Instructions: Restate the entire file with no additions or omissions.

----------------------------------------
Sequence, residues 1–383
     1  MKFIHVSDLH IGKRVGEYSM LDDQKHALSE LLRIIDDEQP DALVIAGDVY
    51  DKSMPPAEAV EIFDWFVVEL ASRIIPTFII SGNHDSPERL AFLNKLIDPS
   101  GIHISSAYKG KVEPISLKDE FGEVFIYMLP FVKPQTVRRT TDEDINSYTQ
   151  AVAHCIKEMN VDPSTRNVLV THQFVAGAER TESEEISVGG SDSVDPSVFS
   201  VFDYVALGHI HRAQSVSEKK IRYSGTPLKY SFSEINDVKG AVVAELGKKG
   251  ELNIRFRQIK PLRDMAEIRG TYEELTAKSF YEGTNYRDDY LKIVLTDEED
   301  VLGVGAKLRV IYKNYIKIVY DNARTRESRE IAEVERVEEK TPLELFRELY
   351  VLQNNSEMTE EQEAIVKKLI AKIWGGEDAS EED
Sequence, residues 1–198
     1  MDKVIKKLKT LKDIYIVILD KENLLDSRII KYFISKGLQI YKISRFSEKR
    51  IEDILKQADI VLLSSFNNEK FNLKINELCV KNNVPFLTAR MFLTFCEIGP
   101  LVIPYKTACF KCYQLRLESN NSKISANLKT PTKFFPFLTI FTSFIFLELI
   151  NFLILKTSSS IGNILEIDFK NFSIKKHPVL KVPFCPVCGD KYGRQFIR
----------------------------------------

Sequence, residues 1–383
     1  MKFIHVSDLH IGKRVGEYSM LDDQKHALSE LLRIIDDEQP DALVIAGDVY
    51  DKSMPPAEAV EIFDWFVVEL ASRIIPTFII SGNHDSPERL AFLNKLIDPS
   101  GIHISSAYKG KVEPISLKDE FGEVFIYMLP FVKPQTVRRT TDEDINSYTQ
   151  AVAHCIKEMN VDPSTRNVLV THQFVAGAER TESEEISVGG SDSVDPSVFS
   201  VFDYVALGHI HRAQSVSEKK IRYSGTPLKY SFSEINDVKG AVVAELGKKG
   251  ELNIRFRQIK PLRDMAEIRG TYEELTAKSF YEGTNYRDDY LKIVLTDEED
   301  VLGVGAKLRV IYKNYIKIVY DNARTRESRE IAEVERVEEK TPLELFRELY
   351  VLQNNSEMTE EQEAIVKKLI AKIWGGEDAS EED
Sequence, residues 1–198
     1  MDKVIKKLKT LKDIYIVILD KENLLDSRII KYFISKGLQI YKISRFSEKR
    51  IEDILKQADI VLLSSFNNEK FNLKINELCV KNNVPFLTAR MFLTFCEIGP
   101  LVIPYKTACF KCYQLRLESN NSKISANLKT PTKFFPFLTI FTSFIFLELI
   151  NFLILKTSSS IGNILEIDFK NFSIKKHPVL KVPFCPVCGD KYGRQFIR